Stoke City, once the purveyors of a long-ball, direct and physical style of football, took another step away from that stereotype on Monday night, finalising the biggest move on transfer deadline day, completing the signing of Giannelli Imbula from FC Porto.
At one stage, just over six months ago, the 23-year-old was one of the most wanted players in Europe. Marseille’s finances had taken a turn for the worse and Imbula represented their best option for a quick profit. Signed from Guingamp for just over £5 million in 2013, OM tripled their money in just two seasons, due to the France under-21 international’s reaction under legendary Argentine coach Marcelo Bielsa.
Under the combination of Elie Baup and Jose Anigo, the midfielder looked like a lost puppy at times. He lacked that confidence he had shown at EAG. The promise was there, but OM’s inability to use him effectively as well as the coach’s over-reliance on defensive tactics were at odds to Imbula’s playing style. He was soon demoted behind the veterans Benoit Cheyrou and Alaixys Romao.
However, the arrival of Bielsa breathed new life into the 22-year-old. After an average first campaign, the former Chile coach recognised the benefits of the leggy midfielder, and used him as a direct point between defence and attack. Bielsa – known for his love of attacking at speed – recognised that Imbula was the perfect vessel to carry out his vision.
Imbula’s penchant for running at opponents, as well as seeking out the attackers with precision passing, contributed heavily to Marseille’s promising early season form. If Andre-Pierre Gignac was credited with the goals, and Dimitri Payet the assists, it was more often than not, Imbula, who played a huge role in the side’s quick build-up play.
Last season, his performances looked like night and day when compared to his debut campaign. His long strides brought comparisons with Patrick Vieira in his Arsenal prime, ghosting past opponents, he was a driving force in Bielsa’s high-tempo style. Imbula rediscovered the attacking edge that made him such an eye-catching prospect in Brittany, but he was not without his faults.
Although a willing runner and a great option in attack, his decision making often left a lot to be desired. Learning when to pass, or when to keep going, is something that comes with time and games. It is unclear whether or not this has developed any more since his time in Portugal. The Premier League will offer less time on the ball, but the player has risen to every challenge put in his way so far, and obviously Mark Hughes thinks he has got the right man.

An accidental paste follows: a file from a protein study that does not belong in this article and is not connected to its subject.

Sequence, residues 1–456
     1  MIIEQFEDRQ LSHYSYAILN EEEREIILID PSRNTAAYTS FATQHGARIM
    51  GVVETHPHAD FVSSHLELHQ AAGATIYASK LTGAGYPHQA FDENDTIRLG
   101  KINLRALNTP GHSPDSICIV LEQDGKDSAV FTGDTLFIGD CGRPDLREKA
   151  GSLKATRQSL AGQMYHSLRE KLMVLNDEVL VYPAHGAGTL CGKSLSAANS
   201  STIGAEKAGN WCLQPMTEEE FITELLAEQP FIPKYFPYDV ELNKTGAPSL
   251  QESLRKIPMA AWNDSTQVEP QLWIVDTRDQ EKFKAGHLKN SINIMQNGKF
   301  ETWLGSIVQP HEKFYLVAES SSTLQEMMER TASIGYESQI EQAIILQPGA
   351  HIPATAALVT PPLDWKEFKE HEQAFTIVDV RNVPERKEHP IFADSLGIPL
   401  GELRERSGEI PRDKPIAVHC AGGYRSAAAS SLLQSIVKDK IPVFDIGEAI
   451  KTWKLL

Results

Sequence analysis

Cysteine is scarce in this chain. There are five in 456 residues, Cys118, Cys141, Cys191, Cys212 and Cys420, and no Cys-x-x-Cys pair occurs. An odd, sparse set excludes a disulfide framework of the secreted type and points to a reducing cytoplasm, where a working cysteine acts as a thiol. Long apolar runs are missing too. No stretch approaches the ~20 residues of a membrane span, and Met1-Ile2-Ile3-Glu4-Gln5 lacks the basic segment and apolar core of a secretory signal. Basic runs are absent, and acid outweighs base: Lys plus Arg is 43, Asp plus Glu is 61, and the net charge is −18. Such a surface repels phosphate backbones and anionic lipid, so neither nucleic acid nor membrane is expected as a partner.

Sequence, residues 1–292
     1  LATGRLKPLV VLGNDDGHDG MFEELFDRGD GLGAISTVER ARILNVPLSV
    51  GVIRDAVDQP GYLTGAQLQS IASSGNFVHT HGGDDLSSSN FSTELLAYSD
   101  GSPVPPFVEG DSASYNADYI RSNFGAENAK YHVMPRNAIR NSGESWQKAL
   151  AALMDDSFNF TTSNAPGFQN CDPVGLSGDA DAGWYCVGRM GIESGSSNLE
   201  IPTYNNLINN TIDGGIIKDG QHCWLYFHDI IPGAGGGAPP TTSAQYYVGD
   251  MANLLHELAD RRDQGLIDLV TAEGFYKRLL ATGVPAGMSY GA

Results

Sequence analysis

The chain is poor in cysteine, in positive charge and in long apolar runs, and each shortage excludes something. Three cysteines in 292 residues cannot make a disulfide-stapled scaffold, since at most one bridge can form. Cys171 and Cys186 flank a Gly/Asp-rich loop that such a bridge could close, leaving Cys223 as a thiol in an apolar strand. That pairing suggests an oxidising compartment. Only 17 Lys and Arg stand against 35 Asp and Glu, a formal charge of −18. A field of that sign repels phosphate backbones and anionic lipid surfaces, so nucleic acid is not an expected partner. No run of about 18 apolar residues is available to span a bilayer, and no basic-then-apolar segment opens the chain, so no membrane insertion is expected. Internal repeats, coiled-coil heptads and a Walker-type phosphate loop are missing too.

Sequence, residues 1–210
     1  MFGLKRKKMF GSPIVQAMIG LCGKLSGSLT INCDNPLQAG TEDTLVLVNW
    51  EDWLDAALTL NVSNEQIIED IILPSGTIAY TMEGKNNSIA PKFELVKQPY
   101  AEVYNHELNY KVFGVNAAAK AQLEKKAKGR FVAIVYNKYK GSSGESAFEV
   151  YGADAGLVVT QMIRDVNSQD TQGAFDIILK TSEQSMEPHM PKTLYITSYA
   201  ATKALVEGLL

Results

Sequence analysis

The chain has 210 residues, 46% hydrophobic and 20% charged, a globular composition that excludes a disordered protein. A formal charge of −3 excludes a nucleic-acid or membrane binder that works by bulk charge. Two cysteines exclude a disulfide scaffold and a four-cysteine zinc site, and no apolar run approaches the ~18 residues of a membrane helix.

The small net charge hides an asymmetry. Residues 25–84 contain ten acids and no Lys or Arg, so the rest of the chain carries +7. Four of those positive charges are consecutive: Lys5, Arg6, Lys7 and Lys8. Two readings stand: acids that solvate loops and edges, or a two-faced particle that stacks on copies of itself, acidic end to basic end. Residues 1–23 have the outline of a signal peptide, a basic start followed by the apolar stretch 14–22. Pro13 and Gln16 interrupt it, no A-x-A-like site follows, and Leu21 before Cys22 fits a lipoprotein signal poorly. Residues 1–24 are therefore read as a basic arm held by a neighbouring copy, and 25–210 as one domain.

"It's a five-and-a-half-year contract and that shows our commitment to Giannelli and the player we think he is,” Hughes told press after the signing was confirmed. “There's a lot more to come from him as well so we want to benefit from that. We're really looking forward to working with him. He's a player of great talent and we've just got to get the best out of him."
It’s clear to see why the former Manchester United man was attracted to Imbula, the midfielder will slot perfectly into his 4-2-3-1 formation as that was the system used when he flourished most at Marseille. When Bielsa decided to play 3-3-3-1, Imbula was often thrown to the wolves – asked to play the central midfield role on his own. It was unclear how much freedom the youngster would have to break forward and join the attacks and it showed in his play.
When he played beside a defensive stopper like Romao, he looked more confident and a player that could be the difference at any moment. Marseille fans can only dream what a partnership with Lassana Diarra could have brought to the club.
During his second season at the Stade Velodrome, Imbula played 37 games, adding two goals and three assists. After a big money move to Portugal, playing only ten league games in his first five months made it clear that he wasn’t in Julen Lopetegui’s plans.
"I'm really pleased to have become a Stoke City player," beamed the former French Under-21 star. "It's a very exciting moment for me in my career. The last months I spent in Porto, I found very difficult. I really hope everything will be OK here.”
"It's important for me that the coach wants me and I know Mark Hughes wants me here. I will give my best for him and the team."
Still a young, developing player, Imbula felt wanted and needed by Bielsa at Marseille, it’s clear that could be said for his time in Oporto – if Hughes can keep this good feeling going into the next four months, he will hopefully rediscover the player that excited the Marseille fans. Imbula at his best has the drive, energy and determination to bolster the mood around the Britannia Stadium.
Tuesday’s 3-0 defeat to Manchester United was Stoke’s third without a win in the Premier League and their fifth overall. Hughes will be hoping that Imbula can slot seamlessly into his 4-2-3-1 and hit the ground running. The former Blackburn Rovers boss will have to decide if that’s in place of either Ibrahim Afellay or Glenn Whelan. The 23-year-old is taller and more physical than both his team-mates, but perhaps it would be safer to introduce beside the experience of the Irish international.
Stoke continue to turn heads with their ambitious moves in the transfer window. In Giannelli Imbula, they have signed a player that was one of Europe’s hottest prospects less than six months ago. Now it’s up to the player, club and most importantly, his coach, to do all they can to make it an all-round success.